Thursday, September 03, 2009

Untruth In Advertising.

'When Thoreau judged that most men lived lives of quiet desperation I think he failed to consider the fact that, by a merciful provision of Providence, most men have little or no more imagination than an animal. Good reasons for despair may be all around the average man, but he won't see them.' -James Gould Cozzens

This slogan is a lie; a lot of the time it's actually kinda painful, like whenever the television is on or when you accidentally overhear a conversation in public and you think "Dear Shiva, if I had to listen to her go on like that through the whole dinner, I'd be using the fondue fork to tear out my eardrums before the dessert menu arrived."

5 comments:

Lorimor said...

I hear ya!

reflectoscope said...

Welcome to my life.

Jim

Anonymous said...

Nahhhh, do the world a favor and drown the twit in the fondue.

Aside from having to listen to or overhear stoopid, have you ever noticed how long you commonly have to wait for Ms. Average to play mental catch-up if you don't speak in slogans or just offer one simple idea at a time?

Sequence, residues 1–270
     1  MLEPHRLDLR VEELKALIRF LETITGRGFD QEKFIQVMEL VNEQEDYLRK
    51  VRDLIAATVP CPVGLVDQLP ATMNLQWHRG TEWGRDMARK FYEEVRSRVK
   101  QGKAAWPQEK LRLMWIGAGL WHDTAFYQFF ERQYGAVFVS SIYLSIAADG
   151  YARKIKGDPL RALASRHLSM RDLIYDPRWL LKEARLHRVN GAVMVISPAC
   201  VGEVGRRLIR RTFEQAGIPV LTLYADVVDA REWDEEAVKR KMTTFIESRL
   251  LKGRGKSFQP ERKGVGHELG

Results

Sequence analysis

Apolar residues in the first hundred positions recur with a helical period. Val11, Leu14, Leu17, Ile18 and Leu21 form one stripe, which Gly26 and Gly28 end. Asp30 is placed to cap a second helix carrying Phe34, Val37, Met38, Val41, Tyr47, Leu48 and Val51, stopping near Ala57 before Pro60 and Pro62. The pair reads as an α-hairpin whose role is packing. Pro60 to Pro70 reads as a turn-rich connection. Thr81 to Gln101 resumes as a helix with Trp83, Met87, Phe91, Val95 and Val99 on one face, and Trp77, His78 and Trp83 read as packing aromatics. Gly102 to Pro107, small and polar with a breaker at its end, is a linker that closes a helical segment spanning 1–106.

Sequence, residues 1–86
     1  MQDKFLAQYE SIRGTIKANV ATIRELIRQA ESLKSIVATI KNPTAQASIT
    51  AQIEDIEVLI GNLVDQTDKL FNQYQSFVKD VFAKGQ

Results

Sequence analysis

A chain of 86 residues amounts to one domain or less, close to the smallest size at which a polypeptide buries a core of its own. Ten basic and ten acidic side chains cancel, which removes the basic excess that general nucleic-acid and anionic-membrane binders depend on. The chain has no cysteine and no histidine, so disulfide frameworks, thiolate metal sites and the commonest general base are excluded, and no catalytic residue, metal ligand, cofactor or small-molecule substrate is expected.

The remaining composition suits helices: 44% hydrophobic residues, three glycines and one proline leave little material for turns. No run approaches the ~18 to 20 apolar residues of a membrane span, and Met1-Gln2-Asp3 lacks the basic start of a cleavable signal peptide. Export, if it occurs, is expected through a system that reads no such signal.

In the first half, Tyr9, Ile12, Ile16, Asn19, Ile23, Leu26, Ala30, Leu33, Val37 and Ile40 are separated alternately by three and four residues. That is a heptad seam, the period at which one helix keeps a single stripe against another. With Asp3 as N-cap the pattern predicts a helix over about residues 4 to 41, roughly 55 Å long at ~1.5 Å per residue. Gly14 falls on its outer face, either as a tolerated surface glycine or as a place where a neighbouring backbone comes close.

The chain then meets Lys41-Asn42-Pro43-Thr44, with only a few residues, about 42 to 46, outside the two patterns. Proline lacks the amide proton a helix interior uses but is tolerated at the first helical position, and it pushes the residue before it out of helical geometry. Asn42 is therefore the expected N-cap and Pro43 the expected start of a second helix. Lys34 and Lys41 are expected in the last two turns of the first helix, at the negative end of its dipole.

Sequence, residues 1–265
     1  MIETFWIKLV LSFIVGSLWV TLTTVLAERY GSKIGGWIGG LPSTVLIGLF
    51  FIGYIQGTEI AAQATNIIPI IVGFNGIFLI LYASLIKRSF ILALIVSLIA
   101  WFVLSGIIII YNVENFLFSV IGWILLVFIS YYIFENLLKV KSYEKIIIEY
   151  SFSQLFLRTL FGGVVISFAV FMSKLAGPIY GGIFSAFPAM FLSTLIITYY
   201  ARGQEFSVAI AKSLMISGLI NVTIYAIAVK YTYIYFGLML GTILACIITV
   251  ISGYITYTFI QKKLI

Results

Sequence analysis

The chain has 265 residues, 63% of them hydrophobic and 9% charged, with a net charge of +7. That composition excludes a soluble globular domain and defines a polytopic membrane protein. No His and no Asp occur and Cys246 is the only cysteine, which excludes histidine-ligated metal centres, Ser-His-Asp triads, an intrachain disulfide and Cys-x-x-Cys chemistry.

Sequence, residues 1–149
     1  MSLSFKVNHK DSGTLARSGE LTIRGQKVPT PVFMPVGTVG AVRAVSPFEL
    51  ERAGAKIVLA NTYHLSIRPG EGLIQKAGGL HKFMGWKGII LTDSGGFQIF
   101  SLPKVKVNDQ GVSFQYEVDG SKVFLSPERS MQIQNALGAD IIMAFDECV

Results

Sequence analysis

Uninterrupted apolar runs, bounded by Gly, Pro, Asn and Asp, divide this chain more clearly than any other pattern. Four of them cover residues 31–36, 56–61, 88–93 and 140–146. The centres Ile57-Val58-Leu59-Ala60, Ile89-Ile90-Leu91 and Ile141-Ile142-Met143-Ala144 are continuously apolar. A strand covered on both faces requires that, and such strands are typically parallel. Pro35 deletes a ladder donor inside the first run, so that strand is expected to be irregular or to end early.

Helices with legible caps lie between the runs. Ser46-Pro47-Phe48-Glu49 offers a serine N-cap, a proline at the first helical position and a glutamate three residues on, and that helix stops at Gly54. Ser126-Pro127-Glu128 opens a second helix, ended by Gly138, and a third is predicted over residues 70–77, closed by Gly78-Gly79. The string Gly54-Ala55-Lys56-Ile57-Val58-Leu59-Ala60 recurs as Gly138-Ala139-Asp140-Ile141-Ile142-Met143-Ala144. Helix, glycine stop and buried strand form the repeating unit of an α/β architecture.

Noticed how often you're interrupted if you're trying to get a complex idea across and it takes three or four sentences to do so?

Enuf...

Art

Adrian K said...

No doubt.

The pretty little things that roam suburbia here are wonderful to look at, but you have to wear earplugs because the things they natter on about into their cell-phones 20 hours a day would make you hang yourself from the rafters.

Steve Skubinna said...

"Good reasons for despair may be all around the average man, but he won't see them."

Or it could be possible the "average man" has different priorities than his social and intellectual betters. For example, most ordinary people are much less enthusiastic about retreating to a neolithic level of existence to save the planet than is Al Gore, and he despairs plenty of it.

Oh, I don't mean to imply that Al Gore is enthusiastic about living at a neolithic level, sorry, that was lcumsy. He want everyone else to do it. And man, does he despair.

Anyway, that quote always struck me as the cloistered urbane sophisticate's lament that the hoi polloi don't care about the same things he does.